The calls to privatize the provision of health care in Canada have gotten louder and louder. We should resist?

Agree or Disagree


The calls to privatize the provision of health care in Canada have gotten louder and louder. We should resist these. Health care must never be made into business. Both from a moral and a practical standpoint, health care is best left to the public sector.

Agree or Disagree

3 Answers

  • bw022
    Lv 7
    8 years ago
    Favorite Answer

    Lots of aspects of health care in Canada are already private. Nearly all doctors are in private practice, drug suppliers are in private companies, nearly all equipment is sold by private companies, some home support workers are private (most are non-profits), many provinces use private companies for non-essential services (food, laundry, cleaning, etc.), hospitals tend to be build and maintained by private contractors, most clinics are private companies, many services not covered by provincial health care plans are private (extended health insurance, optometrists, cosmetic surgery, dentists, etc., etc.), many hospitals already outsource departments to private companies for services which can be done off-site (from rehabilitation, to dieticians, to radiologists viewing images, etc.), etc.

    I would say leave it up to the individual provinces and even individual hospitals as to what they should and shouldn't sent to private bids. If a private company can do something less expensive in a particular case, they should be free to utilize the service. Provided that private company is operating under the province's fee structure agreement... there should be no issues. Provinces aren't stupid. They know what totally private medicine looks like. They don't want to go there anymore than most Canadian citizens.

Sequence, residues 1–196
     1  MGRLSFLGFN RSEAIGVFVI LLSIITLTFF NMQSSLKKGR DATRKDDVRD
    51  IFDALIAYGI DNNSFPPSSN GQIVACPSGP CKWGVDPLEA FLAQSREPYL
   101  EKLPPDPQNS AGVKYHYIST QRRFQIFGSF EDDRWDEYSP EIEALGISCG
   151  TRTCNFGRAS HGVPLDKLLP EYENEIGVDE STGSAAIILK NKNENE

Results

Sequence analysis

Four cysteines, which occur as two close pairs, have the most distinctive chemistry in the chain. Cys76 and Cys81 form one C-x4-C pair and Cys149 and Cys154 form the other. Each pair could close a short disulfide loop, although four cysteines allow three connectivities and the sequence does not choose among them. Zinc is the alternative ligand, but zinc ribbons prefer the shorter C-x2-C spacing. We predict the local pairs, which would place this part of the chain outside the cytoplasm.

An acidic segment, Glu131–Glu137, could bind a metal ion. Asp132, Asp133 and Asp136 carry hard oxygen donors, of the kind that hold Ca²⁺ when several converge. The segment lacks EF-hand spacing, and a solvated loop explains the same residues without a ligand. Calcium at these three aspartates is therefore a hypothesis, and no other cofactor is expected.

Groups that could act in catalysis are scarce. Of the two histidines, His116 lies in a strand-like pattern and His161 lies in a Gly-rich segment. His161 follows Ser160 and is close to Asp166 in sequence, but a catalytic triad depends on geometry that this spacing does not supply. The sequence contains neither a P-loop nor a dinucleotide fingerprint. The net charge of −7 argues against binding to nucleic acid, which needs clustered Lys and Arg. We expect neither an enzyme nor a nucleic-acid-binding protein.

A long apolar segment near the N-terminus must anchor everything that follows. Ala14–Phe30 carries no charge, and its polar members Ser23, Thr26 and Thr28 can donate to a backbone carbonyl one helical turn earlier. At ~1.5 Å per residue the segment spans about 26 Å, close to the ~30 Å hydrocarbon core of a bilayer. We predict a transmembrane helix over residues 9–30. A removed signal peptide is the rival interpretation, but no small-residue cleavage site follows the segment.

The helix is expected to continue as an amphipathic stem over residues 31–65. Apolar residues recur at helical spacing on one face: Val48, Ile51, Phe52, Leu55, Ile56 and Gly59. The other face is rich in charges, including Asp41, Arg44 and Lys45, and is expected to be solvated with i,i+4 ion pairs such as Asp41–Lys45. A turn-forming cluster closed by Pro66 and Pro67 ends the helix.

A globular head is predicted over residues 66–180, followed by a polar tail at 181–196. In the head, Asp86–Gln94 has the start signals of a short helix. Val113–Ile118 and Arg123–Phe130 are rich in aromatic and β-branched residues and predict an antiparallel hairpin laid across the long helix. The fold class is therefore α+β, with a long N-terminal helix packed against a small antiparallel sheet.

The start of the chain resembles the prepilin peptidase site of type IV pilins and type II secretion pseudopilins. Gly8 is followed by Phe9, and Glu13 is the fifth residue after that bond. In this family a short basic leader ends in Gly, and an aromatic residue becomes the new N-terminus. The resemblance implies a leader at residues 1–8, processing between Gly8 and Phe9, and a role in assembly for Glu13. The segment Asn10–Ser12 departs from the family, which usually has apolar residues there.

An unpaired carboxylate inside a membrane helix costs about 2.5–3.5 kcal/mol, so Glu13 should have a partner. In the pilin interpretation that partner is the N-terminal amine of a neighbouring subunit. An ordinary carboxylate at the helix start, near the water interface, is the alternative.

I can't imagine any province even thinking of doing away with provincial fee structures, provincial ownership of major hospitals, central administration and health boards, legal systems, liability limits, centralized purchasing, etc. There are inherent cost savings in these. Any provincial politician who were to see health care costs skyrocket, quality of care drop, etc. due to privatization would quickly see themselves replaced in the next election. However, if there are cases when private companies can perform certain services cheaper, quicker, or more effectively, one should be able to look at them. If a private company can clean the laundry for less, air transport patients without a small province maintaining an air-ambulance service, or review MRI images more efficiently... a province or hospital should be able to consider it.

    Rather than make blanket ideological/philosophical stands which don't reflect the reality of how the current system is already a mixture of public/private/non-profit entities... leave it up to the provincial voters. If a province wants to privatize some portion of their health care systems let their voters decide based on the costs and performance of this.

  • 5 years ago

    Much of Canada's well being care is personal. In most, if now not all, provinces medical professionals both work for themselves or for private corporations. Hospitals are generally public and of path, the wellness insurance is a public system.

  • Anonymous
    8 years ago

    that's just Harper and his cronies trying to gut the country. They hate Canada, and all is stands for, and have been working to dismantle us and force us into the US, just like Mulroney tried.

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